When I first started this blog back in 2008 I had a little memory stick where I would copy a “date named” zip file of my source code directory.  Not the cleanest of solutions but it worked…sort of.  Over time I have used VSS, TFS, bitbucket –stash-, and a git repo stored on a different memory stick for my personal projects.  What I have found was I did not care for VSS or TFS and I like working with git based source control.

So when my Memory stick died –yes they do that- and I had to deal with pulling files off a computer that I do not use anymore, I decided it was time use something a little better. 

I started by reviewing my requirements

  I thought about all of the things that can happen –fire, flood, act of cats…) and added a few requirements

I was surprised to find a lack of projects that met my requirements.  I was about to toss in the towel and look at Bitbucket when I stumbled on Bonobo on github.  Note- the irony of a git server being hosted on github is not lost on me. 

Requirement

Finding

Open source The project is hosted on GitHub.com with the source code freely available for download.
Free Licensed under MIT and their main site even calls it out as open and free…
Built on .net It is written in C#. 
Use existing infrastructure I can run it in a virtual directory on my web host.
Off-site files Since it is on my web host the files are remote and stored outside of my house.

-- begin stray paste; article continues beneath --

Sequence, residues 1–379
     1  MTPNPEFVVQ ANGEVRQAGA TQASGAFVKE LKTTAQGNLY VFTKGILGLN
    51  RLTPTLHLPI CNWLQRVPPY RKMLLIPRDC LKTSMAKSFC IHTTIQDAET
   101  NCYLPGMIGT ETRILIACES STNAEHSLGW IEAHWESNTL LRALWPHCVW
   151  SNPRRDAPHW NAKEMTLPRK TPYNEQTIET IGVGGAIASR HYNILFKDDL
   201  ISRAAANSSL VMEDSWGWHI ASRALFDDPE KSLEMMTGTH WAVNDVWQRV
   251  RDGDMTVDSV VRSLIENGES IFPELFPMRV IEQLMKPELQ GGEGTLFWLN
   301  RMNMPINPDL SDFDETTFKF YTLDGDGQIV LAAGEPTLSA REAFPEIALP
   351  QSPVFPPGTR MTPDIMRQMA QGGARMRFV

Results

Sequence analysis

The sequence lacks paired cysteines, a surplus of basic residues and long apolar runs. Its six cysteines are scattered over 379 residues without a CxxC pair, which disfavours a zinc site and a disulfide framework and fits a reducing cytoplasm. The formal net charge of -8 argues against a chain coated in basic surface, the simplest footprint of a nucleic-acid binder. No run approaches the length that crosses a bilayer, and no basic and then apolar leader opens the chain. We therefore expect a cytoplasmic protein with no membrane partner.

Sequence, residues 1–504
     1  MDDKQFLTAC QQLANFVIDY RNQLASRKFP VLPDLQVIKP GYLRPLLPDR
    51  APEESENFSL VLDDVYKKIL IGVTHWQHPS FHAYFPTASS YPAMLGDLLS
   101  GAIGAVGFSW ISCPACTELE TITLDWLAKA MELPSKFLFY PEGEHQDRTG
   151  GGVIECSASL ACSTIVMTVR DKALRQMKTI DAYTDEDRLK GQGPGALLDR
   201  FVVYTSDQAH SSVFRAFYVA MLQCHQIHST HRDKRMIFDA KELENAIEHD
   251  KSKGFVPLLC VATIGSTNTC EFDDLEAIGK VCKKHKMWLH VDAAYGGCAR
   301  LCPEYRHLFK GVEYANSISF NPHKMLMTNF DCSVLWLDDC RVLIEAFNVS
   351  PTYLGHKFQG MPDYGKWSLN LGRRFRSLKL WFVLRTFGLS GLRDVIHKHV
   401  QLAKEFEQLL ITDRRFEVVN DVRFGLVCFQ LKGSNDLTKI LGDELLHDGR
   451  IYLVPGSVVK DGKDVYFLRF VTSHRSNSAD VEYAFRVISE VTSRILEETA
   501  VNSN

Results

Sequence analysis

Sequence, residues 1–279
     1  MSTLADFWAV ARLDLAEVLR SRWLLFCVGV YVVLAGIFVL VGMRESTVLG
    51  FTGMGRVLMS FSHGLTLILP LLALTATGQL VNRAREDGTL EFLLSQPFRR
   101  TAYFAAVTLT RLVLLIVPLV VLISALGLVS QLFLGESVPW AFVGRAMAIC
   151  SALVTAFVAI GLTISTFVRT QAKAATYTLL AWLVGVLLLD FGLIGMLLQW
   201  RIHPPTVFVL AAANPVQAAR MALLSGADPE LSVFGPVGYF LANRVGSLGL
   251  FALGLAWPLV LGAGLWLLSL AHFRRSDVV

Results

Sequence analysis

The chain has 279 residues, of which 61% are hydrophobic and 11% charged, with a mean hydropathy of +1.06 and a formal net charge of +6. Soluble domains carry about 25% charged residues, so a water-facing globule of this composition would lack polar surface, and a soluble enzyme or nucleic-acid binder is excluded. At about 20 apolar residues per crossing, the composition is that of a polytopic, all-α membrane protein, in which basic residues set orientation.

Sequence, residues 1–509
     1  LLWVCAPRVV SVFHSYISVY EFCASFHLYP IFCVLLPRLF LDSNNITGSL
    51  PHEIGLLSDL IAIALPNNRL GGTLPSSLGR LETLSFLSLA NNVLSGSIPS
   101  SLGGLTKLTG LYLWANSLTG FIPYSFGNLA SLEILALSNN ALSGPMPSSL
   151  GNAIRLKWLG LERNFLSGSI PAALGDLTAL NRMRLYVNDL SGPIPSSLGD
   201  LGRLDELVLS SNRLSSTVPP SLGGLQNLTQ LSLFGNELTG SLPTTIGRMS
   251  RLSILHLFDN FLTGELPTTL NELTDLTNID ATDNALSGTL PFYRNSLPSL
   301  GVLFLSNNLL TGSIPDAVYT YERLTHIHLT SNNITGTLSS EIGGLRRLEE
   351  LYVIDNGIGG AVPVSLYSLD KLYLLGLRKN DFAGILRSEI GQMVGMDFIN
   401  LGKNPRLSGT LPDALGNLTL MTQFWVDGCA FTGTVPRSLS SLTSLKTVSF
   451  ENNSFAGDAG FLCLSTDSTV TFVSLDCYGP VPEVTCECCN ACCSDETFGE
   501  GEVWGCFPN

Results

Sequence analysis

Ease of backups Backing up files from my host is easy so I do not have to worry about it.
Git based It is a git server…that is perfect.

I cloned the repository from GitHub.com and started looking at my options.  By default it uses SQLite and stores the database and repositories in the app_data directory but it has support for SQL and you can change the repository path.  So a few web.config edits later I was able get the repo up and running.  After changing the password and tinkering with it for a while I found a problem that surprised me.  When creating a repository you can specify that anonymous users can pull the code but that is only through a git client (or command line).  It turns out that the web UI has very nice repository browser but it requires the user to be logged in.  I have no desire to require –or allow- people to register in my git server.  In the projects issue tracker I found Issue 77 which is exactly what I’ve run into and want to fix.

This is why I want open source .net solutions, I put together some code changes and submitted a pull request to allow anonymous users to browse repositories.  Granted I forgot to update a couple of unit tests and had to add a commit to fix them… but it works.

I did ran the unit tests locally but it also ran integration tests.  The selenium driver had some issues with my windows 10/IE11 and failed a lot of the tests.  I let the projects AppVeyor validation on github run the tests for me and it reported which ones were broken.  Interestingly, I found that the tests failed because I set the zoom on my IE to be 200% and the test driver did not care for that at all.  There was also a call to IWebElement.Click() that was failing to check a checkbox before form.Submit() was being called.  I added a bit of trickery to simulate typing in the field and passed it a space (“ “) which caused the box to check correctly. Only 2 integration tests were really failing and that was because the repository index no-longer required a logged in user.  After finding a different page that requires an authenticated user and updating the tests to use that URL it seemed to be all set.

So that’s another item off my list… if you need a self hosted git repo you should consider Bonobo; it is quick and east.

Happy coding!